23 January, 2014

Airplane Quilt

My bestest estate sale find EVER.

I'm pretty sure this pattern is called Lucky Lindy.
Charles Lindbergh had soloed across the Atlantic and everyone was crazy about airplanes.
Many patterns came out, some distinctly airplane, some imitating the movement of flying.

This measures 82"+ x 64" wide.

All hand-sewn. All feedsack fabrics.
This firecracker airplane might be my favorite.

It may have been paper-pieced but whoever stitched it - did it by hand!

The blocks in-between the airplanes are hand-quilted in this flower medallion.
Diagonal stitching on the airplane blocks.

It's 1930's.
The wadding has dissolved and lurks in the seams.

This is the worst damage. This whole block in the middle is thread-bare.

There are only a couple other areas where a seam has come un-done. I'll have to look at my stash to see if this block can be repaired.

Beautifully square. Unbelievable small stitches.

I soaked this for three days in Retro Clean and it whitened up the quilt quite a bit and took most of the age-yellowing   - away.

---without bleaching or fading the colors.


  1. I hadn't appreciated how it has an Irish chain look from a distance, it's absolutely gorgeous, well done!!!

  2. That truly is an amazing find. It looks fabulous after your careful laundering. Those fabrics are wonderful, too. Any more superlatives I can use? :-)

  3. WOW! What a neat find. Also good to know about the Retro Clean.

    You asked about my orchids. I have three of them. The one in my blog post from yesterday has not bloomed since 2010, but the other two have been blooming off and on since 2010.

    I have never repotted them. I have never fertilized them. I water them with about a quarter cup of water, once on Monday and once on Friday. They must have drainage and good sunlight. And they HATE being moved. They also hate the seasonal change at work, and when the office heating turns to office a/c and vice versa. And by hate, I mean, if they are blooming, they will drop all their flowers at that time. Maybe it would have been time anyhow as part of their natural cycle, but....

  4. Thank you for posting this find. I picked up 35 airplane blocks and I have been looking for setting ideas. I wanted to keep it authentic to the era. Is the backing plain white fabric? I'm considering using depression green and maybe scalloped borders. Anyway, it is lovely.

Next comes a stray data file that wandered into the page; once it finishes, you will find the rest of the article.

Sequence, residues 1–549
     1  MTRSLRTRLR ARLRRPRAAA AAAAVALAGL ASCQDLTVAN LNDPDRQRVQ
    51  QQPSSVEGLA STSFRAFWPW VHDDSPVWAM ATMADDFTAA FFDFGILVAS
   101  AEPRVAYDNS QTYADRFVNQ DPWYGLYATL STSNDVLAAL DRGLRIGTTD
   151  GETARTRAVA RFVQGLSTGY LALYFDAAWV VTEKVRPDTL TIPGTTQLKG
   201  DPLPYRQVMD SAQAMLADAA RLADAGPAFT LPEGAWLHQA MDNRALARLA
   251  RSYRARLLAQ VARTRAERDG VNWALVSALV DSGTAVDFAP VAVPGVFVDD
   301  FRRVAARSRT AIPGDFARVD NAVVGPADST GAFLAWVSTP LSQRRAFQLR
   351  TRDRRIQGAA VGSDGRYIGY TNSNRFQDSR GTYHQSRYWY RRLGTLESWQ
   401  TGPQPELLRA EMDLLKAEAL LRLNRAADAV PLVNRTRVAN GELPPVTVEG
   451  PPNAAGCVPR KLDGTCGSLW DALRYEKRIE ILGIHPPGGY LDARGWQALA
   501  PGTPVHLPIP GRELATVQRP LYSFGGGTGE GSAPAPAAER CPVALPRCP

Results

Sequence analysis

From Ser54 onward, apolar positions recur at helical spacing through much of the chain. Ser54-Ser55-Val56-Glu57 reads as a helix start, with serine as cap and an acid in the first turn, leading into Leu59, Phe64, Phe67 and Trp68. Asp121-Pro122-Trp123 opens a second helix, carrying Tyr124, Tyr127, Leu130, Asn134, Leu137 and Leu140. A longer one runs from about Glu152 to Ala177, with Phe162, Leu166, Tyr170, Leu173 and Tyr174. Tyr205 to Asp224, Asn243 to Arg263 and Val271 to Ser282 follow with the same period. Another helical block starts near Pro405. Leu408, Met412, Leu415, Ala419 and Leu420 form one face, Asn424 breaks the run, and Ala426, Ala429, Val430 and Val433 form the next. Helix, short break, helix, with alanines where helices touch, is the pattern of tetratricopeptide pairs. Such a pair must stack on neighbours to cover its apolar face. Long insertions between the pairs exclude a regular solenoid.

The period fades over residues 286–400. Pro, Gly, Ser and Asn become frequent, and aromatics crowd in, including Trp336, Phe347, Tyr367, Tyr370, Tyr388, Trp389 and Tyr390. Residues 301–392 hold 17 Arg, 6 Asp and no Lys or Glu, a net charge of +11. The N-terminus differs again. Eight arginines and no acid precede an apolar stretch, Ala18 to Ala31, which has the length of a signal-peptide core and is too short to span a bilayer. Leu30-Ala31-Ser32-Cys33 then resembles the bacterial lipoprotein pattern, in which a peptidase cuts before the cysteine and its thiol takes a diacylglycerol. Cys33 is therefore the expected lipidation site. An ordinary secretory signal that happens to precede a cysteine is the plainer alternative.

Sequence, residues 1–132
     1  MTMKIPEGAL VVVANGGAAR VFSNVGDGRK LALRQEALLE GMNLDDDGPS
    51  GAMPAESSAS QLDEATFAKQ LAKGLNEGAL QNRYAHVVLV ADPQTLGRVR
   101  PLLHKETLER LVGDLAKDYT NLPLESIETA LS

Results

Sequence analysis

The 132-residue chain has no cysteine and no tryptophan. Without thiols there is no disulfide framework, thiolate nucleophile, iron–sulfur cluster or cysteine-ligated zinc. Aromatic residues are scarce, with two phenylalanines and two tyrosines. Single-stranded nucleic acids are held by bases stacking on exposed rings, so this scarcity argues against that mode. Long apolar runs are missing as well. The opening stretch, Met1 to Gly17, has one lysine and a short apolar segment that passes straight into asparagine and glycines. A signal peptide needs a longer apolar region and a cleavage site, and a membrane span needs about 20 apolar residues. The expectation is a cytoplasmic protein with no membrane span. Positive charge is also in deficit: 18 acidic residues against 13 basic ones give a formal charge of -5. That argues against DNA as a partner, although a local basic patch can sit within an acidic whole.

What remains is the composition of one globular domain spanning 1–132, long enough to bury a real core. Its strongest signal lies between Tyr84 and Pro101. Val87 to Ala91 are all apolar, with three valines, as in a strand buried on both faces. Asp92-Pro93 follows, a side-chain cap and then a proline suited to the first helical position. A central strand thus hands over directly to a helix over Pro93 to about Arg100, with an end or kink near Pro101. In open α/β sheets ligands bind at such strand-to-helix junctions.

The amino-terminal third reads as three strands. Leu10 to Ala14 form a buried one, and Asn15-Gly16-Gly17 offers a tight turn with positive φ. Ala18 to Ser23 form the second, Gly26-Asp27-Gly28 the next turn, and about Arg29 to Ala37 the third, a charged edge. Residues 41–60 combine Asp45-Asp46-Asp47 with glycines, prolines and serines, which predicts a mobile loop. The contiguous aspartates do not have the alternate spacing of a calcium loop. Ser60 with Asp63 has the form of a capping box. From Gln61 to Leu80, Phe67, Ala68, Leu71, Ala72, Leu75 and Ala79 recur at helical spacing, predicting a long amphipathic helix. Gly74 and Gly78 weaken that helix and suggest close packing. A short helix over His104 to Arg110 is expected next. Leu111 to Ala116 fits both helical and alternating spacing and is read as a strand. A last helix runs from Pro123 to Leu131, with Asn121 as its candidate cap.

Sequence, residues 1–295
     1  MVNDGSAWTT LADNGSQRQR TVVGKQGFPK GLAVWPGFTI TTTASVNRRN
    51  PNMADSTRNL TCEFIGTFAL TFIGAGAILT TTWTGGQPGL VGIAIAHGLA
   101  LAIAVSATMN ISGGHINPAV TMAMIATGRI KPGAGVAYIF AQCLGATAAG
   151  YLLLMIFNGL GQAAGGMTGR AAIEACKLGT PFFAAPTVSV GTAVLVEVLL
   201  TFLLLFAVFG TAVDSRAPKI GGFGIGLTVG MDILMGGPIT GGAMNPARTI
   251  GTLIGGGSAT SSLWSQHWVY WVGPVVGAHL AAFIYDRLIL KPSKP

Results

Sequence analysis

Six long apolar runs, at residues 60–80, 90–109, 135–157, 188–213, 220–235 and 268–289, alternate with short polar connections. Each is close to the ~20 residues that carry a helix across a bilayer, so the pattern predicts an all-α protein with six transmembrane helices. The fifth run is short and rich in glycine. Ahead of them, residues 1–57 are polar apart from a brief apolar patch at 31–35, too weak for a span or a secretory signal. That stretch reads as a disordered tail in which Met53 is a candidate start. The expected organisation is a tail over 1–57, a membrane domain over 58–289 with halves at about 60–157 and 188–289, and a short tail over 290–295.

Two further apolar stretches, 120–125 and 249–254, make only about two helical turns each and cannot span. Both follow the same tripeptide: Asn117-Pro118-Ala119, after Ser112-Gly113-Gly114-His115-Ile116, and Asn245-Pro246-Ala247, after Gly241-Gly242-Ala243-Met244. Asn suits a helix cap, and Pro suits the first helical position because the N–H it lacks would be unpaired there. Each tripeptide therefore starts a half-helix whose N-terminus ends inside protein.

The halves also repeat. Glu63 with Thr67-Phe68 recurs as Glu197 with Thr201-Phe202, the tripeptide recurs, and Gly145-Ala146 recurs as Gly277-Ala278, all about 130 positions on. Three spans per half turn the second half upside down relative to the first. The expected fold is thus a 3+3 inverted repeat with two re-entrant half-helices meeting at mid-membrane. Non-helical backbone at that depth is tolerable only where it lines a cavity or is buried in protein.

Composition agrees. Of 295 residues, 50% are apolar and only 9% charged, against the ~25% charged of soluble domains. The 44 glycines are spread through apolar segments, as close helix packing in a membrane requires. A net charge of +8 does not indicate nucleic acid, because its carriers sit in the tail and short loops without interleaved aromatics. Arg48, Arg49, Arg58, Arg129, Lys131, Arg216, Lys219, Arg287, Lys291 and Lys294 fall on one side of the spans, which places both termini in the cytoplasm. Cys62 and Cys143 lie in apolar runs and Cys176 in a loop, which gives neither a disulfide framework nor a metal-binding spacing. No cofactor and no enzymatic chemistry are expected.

1. Brenda, you didn't leave a contact #. To answer your questions: The backing is as white as it's gonna get after 100 years. I would bind it in the depression green but do the scalloped border in your chosen background color. I love the idea of a scalloped border but not sure I would have the patience to bind it.

    2. Were you able to get a date with your quilt? I had my blocks looked at by a seasoned pro and she dated them late 20's-30's, but your prints (especially the black floral). Look very similar to mine. Just curious at how old it might be. I have no information for these blocks. Could be fun if they came from oakies escaping the dust bowl since I bought them in CA.
      Thank you for your advice. I very much appreciate it.

    3. This fabric is definitely from the 20's/30's. Feedsacks for the most part.

  5. My 17 yo son earned his pilot license in June and I've recently found your quilt and would like to reproduce this setting and hand quilt it similarly. Would you be willing to share with me the size of the side white borders and can you tell me if they are also at the top and bottom of the quilt? I am hand piecing the blocks and have the first two finished and intend to stitch the top completely by hand. Someone put a lot of time and love into your quilt and I'm thrilled you rescued it and were able to clean it up. Thank you, christine

    1. First off - Congrats to your son on this flying milestone. I live on an airpark where other people also live with their airplanes. You can search my blog to see other airplane photos.

      Let me pull this out. I have seen in old Quilter's Newsletter Magazines other Lucky Lindy/airplane quilt patterns.

      Each block measures 8" x 8" and is 'paper' pieced. The first 'stripe' is the top of the plane with the propeller. A 1.5" block at the corner with a 3-piece strip forming the propeller with another block at the corner. The propeller is a triangle with two white pieces y-seamed around the angles. Propeller measures a little more than an inch up.

      I don't quilt - so pardon my pattern ramblings:

      I think they piece the propeller first then added the wing, then the fusealge, then the tail. the final part of the block is two strips about 1.5" along each side with square blocks forming at the corners.

      The wing is one strip across. The body of the pieced airplane is about 4 3/4" wide by not quite the 8" block size lengthwise.

      The next strip is the fuselage which is an extended triangle flanked by corresponding white pieces. 2" across where it meets the wing with a length of 3 inches.

      Tail strip is 4 pieces. Tail triangle is 3/4" long equilateral. sew white piece to bottom edge of tail, then extend the strip to measure the 4 3/4".

      bear in mind this was a much loved quilt and it has shrunk multiple times every which way.

      The sash along the outer edges is about 1 1/4" wide with a teeny bias binding of 5/16" wrapped around the edge.

      Each airplane block is laid next to a pure white block. The pure white block was quilted with a medallion. The airplanes were done with one inch diagonal quilting lines ending at the block edge. The sash is also done with the diagonal stitching.

      I hope this is helpful. I would love to see this when you get done. It sounds so exciting to make.


I love comments. My heart goes pitter-patter every time there is a new one.